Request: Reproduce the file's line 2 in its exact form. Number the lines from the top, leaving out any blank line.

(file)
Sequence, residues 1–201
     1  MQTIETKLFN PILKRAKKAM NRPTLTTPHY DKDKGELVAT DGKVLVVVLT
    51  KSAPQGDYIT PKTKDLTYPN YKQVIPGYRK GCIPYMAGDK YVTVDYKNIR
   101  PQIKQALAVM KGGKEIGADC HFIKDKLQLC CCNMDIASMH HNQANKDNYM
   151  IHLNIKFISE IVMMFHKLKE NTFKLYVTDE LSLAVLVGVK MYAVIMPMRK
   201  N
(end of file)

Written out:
     1  MQTIETKLFN PILKRAKKAM NRPTLTTPHY DKDKGELVAT DGKVLVVVLT